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Shadows of Divine Things

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Location: Texas, United States

This site is devoted to theological and philosophical investigations of the spiritual meanings of life, current events, music, spiritual growth, nature, and learning to be attuned to listening to the 'language of God.' The name of this blog comes from one of Jonathan Edwards's journals which he called 'Shadows of Divine Things,' and later renamed 'Images of Divine Things.' As a Christian I am continously on a spiritual journey to grow more into the image of Christ, to understand what it means to be crucified with Christ. To seek the truths of the Christian Faith is of upmost importance, and to know that any truths that are found outside of Christianity are present there because they ultimately point to God. I have an M.A. in theology and apologetics and I completed one year of graduate studies in Philosophy at Marquette University.

Sunday, February 25, 2007

A Bit Disgruntled

This morning, I went to Sunday service in hopes of recieving, in the homily, a message that would prepare me for the Lent Season. Instead, we had a guest speaker who ended up preaching a political agenda. This, of course, disgruntled me and I'm posting this in hopes to become "gruntled" once again.

The title of the sermon was "Power in the Desert," and the text for the sermon was based upon Luke 4:1-13; Jesus' wilderness temptations. As the sermon began, the guest minster was following the text quite nicely (for about 10 minutes), and then suddenly took a turn into left field. In this turn, we heard about several experiences in foriegn countries (one of which was Iraq), where this minister had spent a certain amount of time. Most of these experiences involved abused children who either had to beg for food, or were injured by land mines, wars, etc. These things were communicated in such a way that the audience was "encouraged" to be a part of the solution to bring hope. This was actually the last thirty or forty minutes of the sermon. While no organizations were mentioned in the sermon, it was quite obvious that many groups were refered to without being named and many organizations were meant to come to mind in the description of several actual events.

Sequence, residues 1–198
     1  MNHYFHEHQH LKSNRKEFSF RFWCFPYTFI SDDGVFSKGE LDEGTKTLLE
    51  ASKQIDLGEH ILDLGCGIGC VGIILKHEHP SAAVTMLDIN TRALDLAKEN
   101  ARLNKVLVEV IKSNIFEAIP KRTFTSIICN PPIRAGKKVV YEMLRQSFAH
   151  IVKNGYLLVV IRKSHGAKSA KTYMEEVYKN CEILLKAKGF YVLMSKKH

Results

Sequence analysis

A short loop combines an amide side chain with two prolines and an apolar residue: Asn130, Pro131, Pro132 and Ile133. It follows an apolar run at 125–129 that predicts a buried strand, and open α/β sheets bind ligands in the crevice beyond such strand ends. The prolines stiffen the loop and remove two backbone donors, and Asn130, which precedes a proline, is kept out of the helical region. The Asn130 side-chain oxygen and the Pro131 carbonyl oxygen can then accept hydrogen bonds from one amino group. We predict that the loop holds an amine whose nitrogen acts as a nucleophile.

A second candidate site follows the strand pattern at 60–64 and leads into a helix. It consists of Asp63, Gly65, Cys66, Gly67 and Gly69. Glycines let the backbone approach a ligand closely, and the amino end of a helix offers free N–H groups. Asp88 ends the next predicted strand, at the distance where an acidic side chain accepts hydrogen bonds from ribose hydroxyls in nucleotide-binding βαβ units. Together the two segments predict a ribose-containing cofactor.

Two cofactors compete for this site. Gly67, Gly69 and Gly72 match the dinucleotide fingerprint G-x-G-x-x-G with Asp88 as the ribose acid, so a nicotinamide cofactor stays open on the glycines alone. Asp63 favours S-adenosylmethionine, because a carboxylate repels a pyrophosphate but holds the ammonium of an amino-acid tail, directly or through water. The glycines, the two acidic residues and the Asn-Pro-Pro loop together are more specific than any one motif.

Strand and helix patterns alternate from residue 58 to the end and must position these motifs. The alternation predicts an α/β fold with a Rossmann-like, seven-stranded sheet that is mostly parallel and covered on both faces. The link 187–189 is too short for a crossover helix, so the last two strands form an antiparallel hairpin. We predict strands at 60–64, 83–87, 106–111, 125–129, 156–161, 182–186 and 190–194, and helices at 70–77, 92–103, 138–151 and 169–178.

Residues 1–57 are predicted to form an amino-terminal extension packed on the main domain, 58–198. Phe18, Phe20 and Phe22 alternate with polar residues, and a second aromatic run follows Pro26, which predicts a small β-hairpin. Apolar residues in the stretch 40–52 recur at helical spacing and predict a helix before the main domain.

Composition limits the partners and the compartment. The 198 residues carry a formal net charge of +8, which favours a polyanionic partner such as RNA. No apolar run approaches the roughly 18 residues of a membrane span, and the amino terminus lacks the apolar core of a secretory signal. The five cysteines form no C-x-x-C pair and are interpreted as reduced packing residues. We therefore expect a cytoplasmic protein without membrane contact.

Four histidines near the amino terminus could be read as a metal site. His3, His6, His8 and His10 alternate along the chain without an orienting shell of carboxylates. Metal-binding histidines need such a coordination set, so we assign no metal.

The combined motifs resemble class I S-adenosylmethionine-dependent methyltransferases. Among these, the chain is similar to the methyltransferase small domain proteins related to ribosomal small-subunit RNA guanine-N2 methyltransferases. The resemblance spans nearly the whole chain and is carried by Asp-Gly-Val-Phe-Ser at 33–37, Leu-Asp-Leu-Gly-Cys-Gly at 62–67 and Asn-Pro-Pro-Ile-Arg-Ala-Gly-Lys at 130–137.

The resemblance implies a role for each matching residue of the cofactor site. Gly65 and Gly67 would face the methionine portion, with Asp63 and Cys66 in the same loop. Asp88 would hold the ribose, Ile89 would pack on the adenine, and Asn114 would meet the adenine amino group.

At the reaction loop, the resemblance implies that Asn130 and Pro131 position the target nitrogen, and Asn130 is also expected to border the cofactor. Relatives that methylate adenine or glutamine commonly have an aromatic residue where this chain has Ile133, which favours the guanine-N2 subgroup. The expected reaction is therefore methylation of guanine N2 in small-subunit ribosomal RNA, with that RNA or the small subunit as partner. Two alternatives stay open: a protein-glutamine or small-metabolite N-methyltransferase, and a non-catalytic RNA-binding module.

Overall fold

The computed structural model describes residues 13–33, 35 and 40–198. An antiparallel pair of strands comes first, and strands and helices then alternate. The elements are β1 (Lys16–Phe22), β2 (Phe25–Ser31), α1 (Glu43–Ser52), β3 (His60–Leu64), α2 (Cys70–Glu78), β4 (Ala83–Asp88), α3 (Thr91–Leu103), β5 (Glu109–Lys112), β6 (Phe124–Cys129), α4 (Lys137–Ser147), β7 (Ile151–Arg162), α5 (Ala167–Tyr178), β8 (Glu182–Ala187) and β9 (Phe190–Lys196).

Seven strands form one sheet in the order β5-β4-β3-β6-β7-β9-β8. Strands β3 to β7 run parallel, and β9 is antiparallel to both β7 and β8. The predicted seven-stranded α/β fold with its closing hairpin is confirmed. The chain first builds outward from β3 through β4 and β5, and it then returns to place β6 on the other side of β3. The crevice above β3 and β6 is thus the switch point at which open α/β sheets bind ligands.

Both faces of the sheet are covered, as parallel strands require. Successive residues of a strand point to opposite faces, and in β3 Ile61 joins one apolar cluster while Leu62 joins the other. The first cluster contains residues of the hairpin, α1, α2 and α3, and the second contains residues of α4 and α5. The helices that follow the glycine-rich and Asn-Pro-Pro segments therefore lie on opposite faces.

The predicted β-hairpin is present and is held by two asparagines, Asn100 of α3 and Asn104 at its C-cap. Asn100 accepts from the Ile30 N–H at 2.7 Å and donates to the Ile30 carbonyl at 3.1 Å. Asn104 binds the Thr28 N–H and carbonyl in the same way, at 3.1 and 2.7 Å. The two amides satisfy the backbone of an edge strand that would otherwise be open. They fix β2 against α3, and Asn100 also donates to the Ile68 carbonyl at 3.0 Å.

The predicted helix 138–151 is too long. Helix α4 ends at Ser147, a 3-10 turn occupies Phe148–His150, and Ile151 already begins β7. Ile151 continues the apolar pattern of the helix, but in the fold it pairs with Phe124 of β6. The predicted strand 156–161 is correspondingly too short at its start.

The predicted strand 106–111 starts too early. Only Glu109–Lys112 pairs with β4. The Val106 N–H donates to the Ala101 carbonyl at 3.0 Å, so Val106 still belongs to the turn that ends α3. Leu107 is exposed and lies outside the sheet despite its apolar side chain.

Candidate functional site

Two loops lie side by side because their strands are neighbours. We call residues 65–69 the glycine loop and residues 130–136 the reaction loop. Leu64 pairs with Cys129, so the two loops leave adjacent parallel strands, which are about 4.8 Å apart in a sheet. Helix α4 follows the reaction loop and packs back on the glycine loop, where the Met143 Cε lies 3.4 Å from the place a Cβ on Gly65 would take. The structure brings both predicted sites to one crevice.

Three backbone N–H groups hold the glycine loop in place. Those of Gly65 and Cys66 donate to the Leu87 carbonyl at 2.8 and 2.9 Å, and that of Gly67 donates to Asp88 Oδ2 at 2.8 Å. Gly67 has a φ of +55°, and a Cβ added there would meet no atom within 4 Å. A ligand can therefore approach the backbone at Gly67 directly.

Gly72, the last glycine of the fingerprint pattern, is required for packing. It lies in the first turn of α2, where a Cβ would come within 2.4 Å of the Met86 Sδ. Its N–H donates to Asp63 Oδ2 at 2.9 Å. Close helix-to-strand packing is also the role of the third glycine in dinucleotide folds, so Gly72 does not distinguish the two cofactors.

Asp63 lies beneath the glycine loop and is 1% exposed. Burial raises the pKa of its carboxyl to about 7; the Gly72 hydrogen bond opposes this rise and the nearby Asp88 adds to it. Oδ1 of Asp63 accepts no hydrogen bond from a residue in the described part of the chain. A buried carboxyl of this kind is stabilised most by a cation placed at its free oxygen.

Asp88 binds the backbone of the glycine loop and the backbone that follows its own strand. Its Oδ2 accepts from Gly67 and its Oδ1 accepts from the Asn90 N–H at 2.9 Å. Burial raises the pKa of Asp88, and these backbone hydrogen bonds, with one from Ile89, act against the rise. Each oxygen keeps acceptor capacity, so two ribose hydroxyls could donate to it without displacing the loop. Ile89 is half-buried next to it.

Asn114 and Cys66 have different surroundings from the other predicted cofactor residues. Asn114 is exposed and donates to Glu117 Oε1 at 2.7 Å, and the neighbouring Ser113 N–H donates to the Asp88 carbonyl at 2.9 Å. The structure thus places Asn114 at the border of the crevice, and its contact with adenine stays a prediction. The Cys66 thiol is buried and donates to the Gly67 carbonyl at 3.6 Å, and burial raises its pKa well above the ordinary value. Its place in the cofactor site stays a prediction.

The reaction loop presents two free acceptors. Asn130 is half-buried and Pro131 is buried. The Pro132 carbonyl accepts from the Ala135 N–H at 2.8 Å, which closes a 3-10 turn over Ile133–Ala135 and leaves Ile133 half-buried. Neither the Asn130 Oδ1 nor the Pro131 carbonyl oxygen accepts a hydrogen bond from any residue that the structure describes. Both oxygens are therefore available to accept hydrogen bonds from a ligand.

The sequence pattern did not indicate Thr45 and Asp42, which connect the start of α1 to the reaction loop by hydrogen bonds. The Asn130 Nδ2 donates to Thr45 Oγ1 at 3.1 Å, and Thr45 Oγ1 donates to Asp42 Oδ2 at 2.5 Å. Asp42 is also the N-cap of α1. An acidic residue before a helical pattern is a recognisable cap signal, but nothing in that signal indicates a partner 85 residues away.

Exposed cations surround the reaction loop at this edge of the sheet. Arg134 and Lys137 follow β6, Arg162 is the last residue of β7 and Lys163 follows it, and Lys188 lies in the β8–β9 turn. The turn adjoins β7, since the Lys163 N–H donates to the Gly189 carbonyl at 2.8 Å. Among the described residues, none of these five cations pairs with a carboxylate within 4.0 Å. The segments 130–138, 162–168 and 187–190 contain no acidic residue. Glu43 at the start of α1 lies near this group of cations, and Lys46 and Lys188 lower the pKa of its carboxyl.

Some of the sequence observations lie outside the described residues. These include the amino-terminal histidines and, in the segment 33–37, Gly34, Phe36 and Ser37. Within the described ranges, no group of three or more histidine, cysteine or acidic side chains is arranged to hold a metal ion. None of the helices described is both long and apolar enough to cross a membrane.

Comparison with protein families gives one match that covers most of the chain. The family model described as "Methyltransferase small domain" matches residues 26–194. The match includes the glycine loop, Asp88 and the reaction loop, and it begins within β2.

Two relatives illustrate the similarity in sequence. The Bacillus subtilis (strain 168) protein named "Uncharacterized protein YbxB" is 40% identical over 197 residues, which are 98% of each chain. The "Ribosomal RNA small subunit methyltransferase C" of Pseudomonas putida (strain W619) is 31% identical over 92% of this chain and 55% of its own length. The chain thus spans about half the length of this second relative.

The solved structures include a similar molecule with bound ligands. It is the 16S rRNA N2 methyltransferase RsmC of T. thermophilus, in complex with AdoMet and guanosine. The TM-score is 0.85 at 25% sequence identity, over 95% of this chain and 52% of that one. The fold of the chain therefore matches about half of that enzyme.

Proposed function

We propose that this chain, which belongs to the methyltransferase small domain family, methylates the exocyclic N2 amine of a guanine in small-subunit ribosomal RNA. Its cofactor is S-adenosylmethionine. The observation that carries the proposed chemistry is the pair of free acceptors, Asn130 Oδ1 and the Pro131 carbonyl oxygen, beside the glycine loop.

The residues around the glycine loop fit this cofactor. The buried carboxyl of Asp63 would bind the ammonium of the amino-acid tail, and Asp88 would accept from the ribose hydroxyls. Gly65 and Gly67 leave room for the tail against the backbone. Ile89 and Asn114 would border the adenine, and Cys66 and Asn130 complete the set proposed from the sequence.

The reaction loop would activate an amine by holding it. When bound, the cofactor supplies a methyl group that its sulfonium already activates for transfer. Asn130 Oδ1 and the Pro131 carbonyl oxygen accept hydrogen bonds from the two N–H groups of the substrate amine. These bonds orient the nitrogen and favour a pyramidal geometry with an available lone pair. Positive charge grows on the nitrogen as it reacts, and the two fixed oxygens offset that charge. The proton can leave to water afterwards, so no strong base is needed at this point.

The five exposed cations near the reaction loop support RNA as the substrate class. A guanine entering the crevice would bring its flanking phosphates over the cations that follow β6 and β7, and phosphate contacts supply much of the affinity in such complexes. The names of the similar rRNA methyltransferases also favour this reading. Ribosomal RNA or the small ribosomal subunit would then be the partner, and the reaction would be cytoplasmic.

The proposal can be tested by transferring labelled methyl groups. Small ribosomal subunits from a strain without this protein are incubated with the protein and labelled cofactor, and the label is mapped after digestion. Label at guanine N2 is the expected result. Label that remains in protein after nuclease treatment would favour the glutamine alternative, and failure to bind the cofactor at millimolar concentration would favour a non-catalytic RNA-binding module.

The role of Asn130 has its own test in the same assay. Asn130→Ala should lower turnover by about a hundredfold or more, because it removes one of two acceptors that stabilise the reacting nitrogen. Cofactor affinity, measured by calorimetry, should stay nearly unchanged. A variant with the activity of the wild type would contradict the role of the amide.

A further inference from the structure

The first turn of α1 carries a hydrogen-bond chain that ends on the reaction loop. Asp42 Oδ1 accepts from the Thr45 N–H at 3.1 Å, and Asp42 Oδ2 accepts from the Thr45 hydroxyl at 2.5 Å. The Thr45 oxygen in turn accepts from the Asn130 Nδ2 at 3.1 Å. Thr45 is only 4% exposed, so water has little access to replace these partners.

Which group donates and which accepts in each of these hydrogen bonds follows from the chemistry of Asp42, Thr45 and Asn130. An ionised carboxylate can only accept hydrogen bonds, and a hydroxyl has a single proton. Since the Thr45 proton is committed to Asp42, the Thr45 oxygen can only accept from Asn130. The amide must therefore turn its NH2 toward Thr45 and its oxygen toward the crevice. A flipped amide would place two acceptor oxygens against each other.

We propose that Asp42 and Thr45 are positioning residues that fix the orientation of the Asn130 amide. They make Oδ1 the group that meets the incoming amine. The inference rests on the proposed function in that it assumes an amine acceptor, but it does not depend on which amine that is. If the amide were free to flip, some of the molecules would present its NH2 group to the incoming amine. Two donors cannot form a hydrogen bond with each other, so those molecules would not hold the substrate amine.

Granted I think it is a tragedy that these things occur in the world, and the Christian community should certainly participate in the solution of such things, but what does all this have to do with Jesus being tempted in the wilderness? What does all this have to do with Luke 4:1-13? I was very put off by this sermon, and to be frank, let down. While this may be selfish on my part, I went to this Sunday service in hopes of preparing my mind and heart for the Lent season and instead I was informed of an agenda that I, as a Christian, should participate in. I left the service angry and complained most of the way home. In some ways, I suppose this is perhaps a confession since I should have just let it go and not been angry, but on the other hand I think I was justified in my anger. While these things have a place in our Christian lives and churches, I do not think that a Sunday morning Lent service is the pace to push a political agenda. Am I wrong in thinking this? What do you think?

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20 Comments:

Blogger Chris Tilling said...

Did you talk to the guest speaker after the service about your doubts and concerns?

3:00 AM, February 26, 2007  
Blogger T.B. Vick said...

Chris,

No actually I did not. I shook her hand at the door, smiled and then shook the associate pastor's hand and we walked out. Probably would not have been a good time for me to talk with her since I was pretty upset, and that might have made me more upset, who knows.

The funny thing about all this is that I did not disagree with anything she said, I just thought the pulpit on the first Sunday of Lent was not the place to say it.

7:14 AM, February 26, 2007  
Blogger Chris Tilling said...

I see.

Perhaps apply a Chinese Burn next time.

No need to talk etc. if you are already upset.

1:38 PM, February 26, 2007  
Blogger T.B. Vick said...

Ok, I'll try the Chinese Burn next time, Chris.

;-)

5:50 PM, February 26, 2007  
Blogger Dave said...

Hi Todd,

I get pretty upset, too, when I hear partisanism advocated from a pulpit. (I say "partisanism" rather than "politics" because the gospel is political, as is baptism and the Eucharist.)

But I'm not clear on why you considered the sermon, as you described it, to be offensive. From your description, it sounds like the preacher informed the congregation of people who are experiencing suffering, and challenged them to personally get involved in alleviating that suffering. Is this a political message? Sure, maybe, but no more than the gospel itself. American Christians, after all, need to be reminded that they are to minister to the suffering in a county occupied by their nation's armies no less than those who suffer in any other country. Is this a partisan message? I sure hope not, or else I might have to change the way I vote. :O